This example clearly indicates that the "cost" for this patient to get better was to return to a job that was becoming more and more stressful, return to a job he might be fired from, lose the possibility of retraining, and give up 80 percent of his pay for being in a less stressful (albeit painful) situation. It should be clearly understood that this situation does not show malingering or faking. It is just a situation of many pressures operating on this person's chronic pain problem. The pain situation protected him from another situation that for him was even worse. Another less extreme example is as follows:
Sharon is a thirty-year-old woman who has been rather "sickly" since childhood. She had back pain that seemed to "come out of nowhere" and had been with her for the past two years. She had been through a variety of evaluation and treatment approaches, which were of little help. She would consistently report some relief at the beginning of treatment, but the pain would eventually return to its usual levels. Our evaluation revealed that Sharon had a very inconsistent work history, a history of a number of failed relationships, and little in the way of social involvement. The last two years had been almost entirely focused on her back pain problem in terms of going to doctors, therapists, and other healers. It was clear that the back pain was helping to distract her from other very stressful aspects of her life and sheltering her from the demands of normal functioning. The cost for her to become well would have been very great without help in other areas of her life. Although she was very depressed and anxious in her chronic back pain problem the other prospects were certainly no better. Until she was able to focus on these issues, her back pain would not resolve.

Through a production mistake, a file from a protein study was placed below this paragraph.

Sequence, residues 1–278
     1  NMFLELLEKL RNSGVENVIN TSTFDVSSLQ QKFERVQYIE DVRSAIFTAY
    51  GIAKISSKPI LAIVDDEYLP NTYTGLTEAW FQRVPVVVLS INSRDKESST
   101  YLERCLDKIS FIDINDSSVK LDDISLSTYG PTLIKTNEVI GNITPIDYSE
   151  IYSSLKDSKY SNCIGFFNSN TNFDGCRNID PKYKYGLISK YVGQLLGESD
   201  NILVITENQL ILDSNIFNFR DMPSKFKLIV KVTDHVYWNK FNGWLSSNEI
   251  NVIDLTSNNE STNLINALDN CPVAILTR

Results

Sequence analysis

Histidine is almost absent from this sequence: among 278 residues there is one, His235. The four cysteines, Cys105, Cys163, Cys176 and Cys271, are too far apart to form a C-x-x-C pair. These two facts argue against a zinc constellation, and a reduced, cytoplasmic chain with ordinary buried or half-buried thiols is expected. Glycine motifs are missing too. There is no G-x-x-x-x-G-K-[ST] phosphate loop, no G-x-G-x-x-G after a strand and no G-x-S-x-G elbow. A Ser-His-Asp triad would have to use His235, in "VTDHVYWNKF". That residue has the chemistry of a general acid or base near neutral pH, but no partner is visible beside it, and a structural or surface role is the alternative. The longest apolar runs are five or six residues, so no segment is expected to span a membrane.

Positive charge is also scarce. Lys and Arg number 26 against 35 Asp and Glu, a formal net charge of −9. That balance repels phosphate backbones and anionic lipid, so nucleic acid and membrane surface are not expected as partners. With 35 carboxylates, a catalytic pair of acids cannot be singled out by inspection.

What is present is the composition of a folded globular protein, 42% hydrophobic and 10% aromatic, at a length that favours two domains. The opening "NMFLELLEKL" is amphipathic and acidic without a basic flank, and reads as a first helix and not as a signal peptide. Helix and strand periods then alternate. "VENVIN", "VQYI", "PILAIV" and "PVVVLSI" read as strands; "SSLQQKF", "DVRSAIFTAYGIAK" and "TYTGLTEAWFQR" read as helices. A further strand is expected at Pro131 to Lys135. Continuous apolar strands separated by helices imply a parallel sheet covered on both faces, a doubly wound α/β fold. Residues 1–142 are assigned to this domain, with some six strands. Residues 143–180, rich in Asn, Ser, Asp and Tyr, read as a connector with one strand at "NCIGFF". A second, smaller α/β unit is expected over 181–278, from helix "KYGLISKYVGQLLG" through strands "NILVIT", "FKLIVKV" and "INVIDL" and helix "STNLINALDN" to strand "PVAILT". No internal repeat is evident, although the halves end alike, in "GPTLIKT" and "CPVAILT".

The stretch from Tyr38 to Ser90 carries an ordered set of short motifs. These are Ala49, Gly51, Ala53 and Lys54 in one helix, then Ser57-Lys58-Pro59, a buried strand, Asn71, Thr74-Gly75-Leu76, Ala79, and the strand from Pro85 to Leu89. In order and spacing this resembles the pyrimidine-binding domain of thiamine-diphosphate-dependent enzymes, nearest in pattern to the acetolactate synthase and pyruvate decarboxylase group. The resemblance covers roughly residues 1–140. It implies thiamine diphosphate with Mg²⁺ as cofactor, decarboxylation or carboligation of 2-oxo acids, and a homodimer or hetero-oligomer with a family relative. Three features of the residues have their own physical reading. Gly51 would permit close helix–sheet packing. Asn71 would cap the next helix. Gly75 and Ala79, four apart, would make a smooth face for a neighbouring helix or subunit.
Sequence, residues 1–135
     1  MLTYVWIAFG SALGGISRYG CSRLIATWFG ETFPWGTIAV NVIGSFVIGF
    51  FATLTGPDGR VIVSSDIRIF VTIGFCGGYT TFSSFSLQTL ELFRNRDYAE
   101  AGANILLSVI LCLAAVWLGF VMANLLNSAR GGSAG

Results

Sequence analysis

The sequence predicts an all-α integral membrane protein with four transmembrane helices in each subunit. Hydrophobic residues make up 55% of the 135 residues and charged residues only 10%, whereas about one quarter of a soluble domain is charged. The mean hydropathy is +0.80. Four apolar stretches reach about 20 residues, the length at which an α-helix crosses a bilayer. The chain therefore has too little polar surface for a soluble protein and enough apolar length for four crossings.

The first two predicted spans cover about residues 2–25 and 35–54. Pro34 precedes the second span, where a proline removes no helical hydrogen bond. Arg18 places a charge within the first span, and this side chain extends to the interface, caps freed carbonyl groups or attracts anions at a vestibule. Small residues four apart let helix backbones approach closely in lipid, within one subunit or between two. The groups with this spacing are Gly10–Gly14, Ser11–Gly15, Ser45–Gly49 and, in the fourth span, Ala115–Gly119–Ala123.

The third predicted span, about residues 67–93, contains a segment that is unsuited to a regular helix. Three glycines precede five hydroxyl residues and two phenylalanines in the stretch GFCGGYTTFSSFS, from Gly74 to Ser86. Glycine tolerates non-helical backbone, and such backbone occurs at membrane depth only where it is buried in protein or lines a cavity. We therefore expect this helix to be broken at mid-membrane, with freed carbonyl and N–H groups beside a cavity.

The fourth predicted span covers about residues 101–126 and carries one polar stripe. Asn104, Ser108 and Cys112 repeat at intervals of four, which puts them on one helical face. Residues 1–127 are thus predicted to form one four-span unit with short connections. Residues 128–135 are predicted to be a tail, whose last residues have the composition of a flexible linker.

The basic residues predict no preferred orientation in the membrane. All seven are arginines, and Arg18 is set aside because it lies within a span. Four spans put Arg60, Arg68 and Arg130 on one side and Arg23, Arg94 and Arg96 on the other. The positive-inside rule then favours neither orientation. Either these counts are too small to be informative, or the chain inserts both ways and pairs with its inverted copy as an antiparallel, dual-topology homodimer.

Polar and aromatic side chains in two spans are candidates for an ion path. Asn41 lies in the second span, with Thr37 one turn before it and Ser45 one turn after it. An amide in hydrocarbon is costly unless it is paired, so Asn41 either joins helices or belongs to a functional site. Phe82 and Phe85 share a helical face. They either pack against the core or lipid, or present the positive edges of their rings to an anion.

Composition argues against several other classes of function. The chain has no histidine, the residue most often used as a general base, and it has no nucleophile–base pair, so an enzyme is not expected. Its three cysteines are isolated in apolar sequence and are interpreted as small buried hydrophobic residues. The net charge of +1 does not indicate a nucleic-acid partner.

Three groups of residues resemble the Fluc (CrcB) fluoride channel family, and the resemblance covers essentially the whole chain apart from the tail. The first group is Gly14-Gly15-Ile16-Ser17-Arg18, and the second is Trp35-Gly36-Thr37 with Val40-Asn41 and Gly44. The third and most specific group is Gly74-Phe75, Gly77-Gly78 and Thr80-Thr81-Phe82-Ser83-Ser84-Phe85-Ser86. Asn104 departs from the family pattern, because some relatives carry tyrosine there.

In thinking about a patient’s chronic pain problem, it is important to assess whether the pain is being influenced by any of the factors discussed previously. To summarize, these include factors such as nociception, thoughts, emotions, pain sensation, suffering, pain behaviors, and the psychosocial environment. It is important to acknowledge the power that emotions can have on a patient’s chronic pain including
· Fear and phobia